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Nucleic Acids Res. 2005; 33(14): 4475–4484.
Published online Aug 8, 2005. doi:  10.1093/nar/gki761
PMCID: PMC1183491

Group 13 HOX proteins interact with the MH2 domain of R-Smads and modulate Smad transcriptional activation functions independent of HOX DNA-binding capability

Abstract

Interactions with co-factors provide a means by which HOX proteins exert specificity. To identify candidate protein interactors of HOXA13, we created and screened an E11.5–E12.5, distal limb bud yeast two-hybrid prey library. Among the interactors, we isolated the BMP-signaling effector Smad5, which interacted with the paralogous HOXD13 but not with HOXA11 or HOXA9, revealing unique interaction capabilities of the AbdB-like HOX proteins. Using deletion mutants, we determined that the MH2 domain of Smad5 is necessary for HOXA13 interaction. This is the first report demonstrating an interaction between HOX proteins and the MH2 domain of Smad proteins. HOXA13 and HOXD13 also bind to other BMP and TGF-β/Activin-regulated Smad proteins including Smad1 and Smad2, but not Smad4. Furthermore, HOXD13 could be co-immunoprecipitated with Smad1 from cells. Expression of HOXA13, HOXD13 or a HOXD13 homeodomain mutant (HOXD13IQN>AAA) antagonized TGF-β-stimulated transcriptional activation of the pAdtrack-3TP-Lux reporter vector in Mv1Lu cells as well as the Smad3/Smad4-activated pTRS6-E1b promoter in Hep3B cells. Finally, using mammalian one-hybrid assay, we show that transcriptional activation by a GAL4/Smad3-C-terminus fusion protein is specifically inhibited by HOXA13. Our results identify a new co-factor for HOX group 13 proteins and suggest that HOX proteins may modulate Smad-mediated transcriptional activity through protein–protein interactions without the requirement for HOX monomeric DNA-binding capability.

INTRODUCTION

Mammals have 39 Hox genes that encode transcription factors that are essential for normal development (1). Mutations in group 13 HOX genes have been described in the human HOXA13 and HOXD13 genes, and engineered and spontaneous mutants of both genes have added significantly to our understanding of their role in development (215). However, our knowledge of how these proteins gain specificity of function in different tissues is limited.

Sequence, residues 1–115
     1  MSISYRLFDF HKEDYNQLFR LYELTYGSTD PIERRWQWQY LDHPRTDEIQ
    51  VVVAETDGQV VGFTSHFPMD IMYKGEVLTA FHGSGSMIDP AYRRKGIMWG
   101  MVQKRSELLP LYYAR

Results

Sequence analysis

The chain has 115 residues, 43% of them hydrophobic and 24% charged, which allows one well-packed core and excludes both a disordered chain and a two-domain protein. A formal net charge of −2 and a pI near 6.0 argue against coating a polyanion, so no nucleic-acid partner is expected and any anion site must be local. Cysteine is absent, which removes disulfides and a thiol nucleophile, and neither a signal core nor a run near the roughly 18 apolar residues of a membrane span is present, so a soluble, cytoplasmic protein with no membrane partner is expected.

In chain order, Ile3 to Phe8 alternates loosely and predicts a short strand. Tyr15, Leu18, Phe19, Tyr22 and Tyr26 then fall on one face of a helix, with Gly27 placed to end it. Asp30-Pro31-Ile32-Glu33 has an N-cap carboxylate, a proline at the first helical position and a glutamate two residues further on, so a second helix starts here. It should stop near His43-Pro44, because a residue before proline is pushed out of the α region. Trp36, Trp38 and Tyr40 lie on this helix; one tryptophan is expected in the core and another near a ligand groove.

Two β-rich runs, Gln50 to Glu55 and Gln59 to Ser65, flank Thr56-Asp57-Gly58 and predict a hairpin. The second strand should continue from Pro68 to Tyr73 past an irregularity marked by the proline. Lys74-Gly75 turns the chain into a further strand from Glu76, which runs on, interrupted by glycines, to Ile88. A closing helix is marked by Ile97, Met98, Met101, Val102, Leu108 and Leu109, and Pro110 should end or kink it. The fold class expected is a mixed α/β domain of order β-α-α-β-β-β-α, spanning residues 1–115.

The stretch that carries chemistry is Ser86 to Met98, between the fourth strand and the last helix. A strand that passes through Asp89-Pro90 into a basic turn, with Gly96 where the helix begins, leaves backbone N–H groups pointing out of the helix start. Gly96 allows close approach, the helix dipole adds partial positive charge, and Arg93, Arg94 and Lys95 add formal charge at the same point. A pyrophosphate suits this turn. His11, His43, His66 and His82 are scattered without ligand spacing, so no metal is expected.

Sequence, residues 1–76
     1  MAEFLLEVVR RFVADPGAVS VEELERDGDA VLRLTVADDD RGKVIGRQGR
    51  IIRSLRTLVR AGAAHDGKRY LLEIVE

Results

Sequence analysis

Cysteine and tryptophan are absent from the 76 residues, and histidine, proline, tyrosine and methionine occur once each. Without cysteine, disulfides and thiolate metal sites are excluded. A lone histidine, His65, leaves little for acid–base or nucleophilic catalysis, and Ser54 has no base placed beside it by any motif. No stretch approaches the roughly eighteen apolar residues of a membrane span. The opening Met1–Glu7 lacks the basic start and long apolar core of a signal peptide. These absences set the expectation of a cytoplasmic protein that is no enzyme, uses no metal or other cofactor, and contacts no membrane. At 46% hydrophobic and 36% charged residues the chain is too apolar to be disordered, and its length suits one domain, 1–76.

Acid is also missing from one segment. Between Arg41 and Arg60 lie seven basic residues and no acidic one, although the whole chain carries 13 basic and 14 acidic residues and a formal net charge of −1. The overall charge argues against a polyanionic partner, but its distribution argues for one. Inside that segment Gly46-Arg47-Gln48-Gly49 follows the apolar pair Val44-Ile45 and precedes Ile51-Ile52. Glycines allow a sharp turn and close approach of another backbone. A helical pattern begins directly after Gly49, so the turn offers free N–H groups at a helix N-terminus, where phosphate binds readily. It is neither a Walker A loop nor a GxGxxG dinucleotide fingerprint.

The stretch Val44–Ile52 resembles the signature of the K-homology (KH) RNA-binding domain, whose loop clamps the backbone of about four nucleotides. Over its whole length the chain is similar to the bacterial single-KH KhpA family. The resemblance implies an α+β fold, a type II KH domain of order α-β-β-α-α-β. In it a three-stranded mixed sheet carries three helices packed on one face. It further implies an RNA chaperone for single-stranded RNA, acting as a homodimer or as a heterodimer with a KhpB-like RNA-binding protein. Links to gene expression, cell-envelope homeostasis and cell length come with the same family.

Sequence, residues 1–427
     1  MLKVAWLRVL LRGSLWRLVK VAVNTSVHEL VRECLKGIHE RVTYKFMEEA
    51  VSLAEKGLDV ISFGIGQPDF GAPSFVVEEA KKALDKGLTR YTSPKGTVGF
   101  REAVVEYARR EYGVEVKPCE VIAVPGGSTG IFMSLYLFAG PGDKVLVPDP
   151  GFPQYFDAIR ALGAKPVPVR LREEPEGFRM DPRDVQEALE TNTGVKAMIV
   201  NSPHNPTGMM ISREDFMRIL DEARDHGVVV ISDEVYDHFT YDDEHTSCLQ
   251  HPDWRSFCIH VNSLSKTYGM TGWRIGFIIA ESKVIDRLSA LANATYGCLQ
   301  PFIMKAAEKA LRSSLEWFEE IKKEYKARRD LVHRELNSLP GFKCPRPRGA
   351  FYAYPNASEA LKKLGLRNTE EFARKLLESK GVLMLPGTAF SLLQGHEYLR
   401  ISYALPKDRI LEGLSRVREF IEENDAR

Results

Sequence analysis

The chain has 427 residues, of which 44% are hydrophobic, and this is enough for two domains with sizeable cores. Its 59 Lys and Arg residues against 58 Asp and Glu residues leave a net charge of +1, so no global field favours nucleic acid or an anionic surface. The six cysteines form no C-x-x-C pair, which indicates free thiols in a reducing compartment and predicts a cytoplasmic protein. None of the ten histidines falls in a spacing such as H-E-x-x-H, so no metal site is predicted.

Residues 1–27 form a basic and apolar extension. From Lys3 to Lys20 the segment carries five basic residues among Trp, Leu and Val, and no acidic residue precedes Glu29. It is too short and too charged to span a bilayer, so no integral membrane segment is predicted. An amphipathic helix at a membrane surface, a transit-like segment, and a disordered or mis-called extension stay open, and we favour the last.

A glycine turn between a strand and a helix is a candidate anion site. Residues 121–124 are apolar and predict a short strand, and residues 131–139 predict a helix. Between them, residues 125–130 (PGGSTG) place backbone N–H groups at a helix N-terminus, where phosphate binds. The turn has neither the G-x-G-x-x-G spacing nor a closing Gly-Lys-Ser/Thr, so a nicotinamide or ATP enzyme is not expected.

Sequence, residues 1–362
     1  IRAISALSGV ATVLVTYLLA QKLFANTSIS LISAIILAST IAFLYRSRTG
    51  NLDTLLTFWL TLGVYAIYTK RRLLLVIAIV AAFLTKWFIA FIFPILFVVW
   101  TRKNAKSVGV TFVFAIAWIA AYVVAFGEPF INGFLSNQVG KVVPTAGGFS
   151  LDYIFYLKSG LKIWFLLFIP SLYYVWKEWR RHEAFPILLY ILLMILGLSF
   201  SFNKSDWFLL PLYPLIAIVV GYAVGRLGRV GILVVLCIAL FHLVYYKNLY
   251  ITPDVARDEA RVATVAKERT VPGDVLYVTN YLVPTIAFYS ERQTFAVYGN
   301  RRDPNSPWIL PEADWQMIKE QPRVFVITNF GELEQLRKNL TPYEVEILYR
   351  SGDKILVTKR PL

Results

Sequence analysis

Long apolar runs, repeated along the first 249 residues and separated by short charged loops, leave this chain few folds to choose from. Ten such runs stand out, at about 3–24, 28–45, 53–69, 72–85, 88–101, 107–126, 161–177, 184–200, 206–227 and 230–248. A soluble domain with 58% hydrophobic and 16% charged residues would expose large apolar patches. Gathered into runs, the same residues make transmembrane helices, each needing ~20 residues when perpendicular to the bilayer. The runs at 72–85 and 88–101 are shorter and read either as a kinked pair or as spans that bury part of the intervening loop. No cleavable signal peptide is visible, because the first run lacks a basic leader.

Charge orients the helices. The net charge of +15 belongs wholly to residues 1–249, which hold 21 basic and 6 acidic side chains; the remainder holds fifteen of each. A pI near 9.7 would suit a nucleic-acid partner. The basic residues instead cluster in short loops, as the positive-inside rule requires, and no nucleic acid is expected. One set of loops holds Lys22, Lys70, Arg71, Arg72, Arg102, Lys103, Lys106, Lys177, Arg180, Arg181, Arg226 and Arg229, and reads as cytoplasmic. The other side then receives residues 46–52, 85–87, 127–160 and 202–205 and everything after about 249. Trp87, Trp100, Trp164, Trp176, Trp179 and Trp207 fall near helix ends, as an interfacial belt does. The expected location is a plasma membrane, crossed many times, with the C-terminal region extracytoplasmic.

One mechanism whereby HOX proteins achieve functional specificity is by interaction with additional DNA-binding co-factors, of which PBX and MEIS proteins to date are the most studied (16). PBX proteins interact cooperatively on DNA with HOX proteins of paralog groups 1–10 but not groups 11–13 (17,18), while MEIS proteins cooperatively bind to DNA with paralog groups 9–13 (19). Interactions have also been demonstrated to occur between MEIS proteins and HOXA13 and HOXD13, as well as non-AbdB-like HOX proteins in the absence of DNA (20). However, in the developing limb bud mesenchyme Meis1-3 are expressed in a separate more proximal region than the distally restricted expression of Hoxa13 and Hoxd13 (2022), thus precluding a productive interaction.

We sought to identify potential co-factors of HOXA13 using a yeast two-hybrid screen of a developmentally appropriate limb bud cDNA library. Among the isolated candidates, we found Smad5, a well-described mediator of BMP function (23,24) and a critical gene for embryonic and extra-embryonic vascular development (25,26). Owing to the importance of Hoxa13 in limb, genitourinary tract, umbilical artery and digestive tract development, we chose to analyze HOXA13/Smad interactions and function in detail.

MATERIALS AND METHODS

Limb bud yeast two-hybrid cDNA prey library

Forelimb and hindlimb bud autopods of 140 C57BL/6J embryos were harvested between E11.5 and E12.5, stages 4–10 (27). Total cellular RNA was purified using Trizol reagent (Invitrogen Corporation). From 886 μg of total autopod RNA, 5.9 μg of poly(A) RNA was obtained using the Oligotex mRNA midi kit (Qiagen). Random-primed cDNAs were created using the SuperScript Choice System (Invitrogen Corporation) with EcoRI adapters and were ligated into the EcoRI site of the prey vector pJG4-5 (Origene Technologies). DNA from ligations was transformed into electrocompetent DH10B cells (Invitrogen Corporation) producing 1.8 million insert containing colony forming units (CFUs). Prey vector DNA from pooled colonies was transformed into the haploid yeast EGY188 (MATa) following the DupLEX-A large-scale library transformation protocol. A total of 85 transformations, each using 1 μg of DNA, were performed. Transformants were selected on YNB (glucose) medium lacking tryptophan (trp). Aliquots containing 3.6 × 106 yeast CFUs were pooled for use in screening. Using dilution plating onto YNB (glucose) medium lacking tryptophan, we estimated the pooled library titer to be 6.6 × 108 CFU/100 μl.

Two-hybrid library screening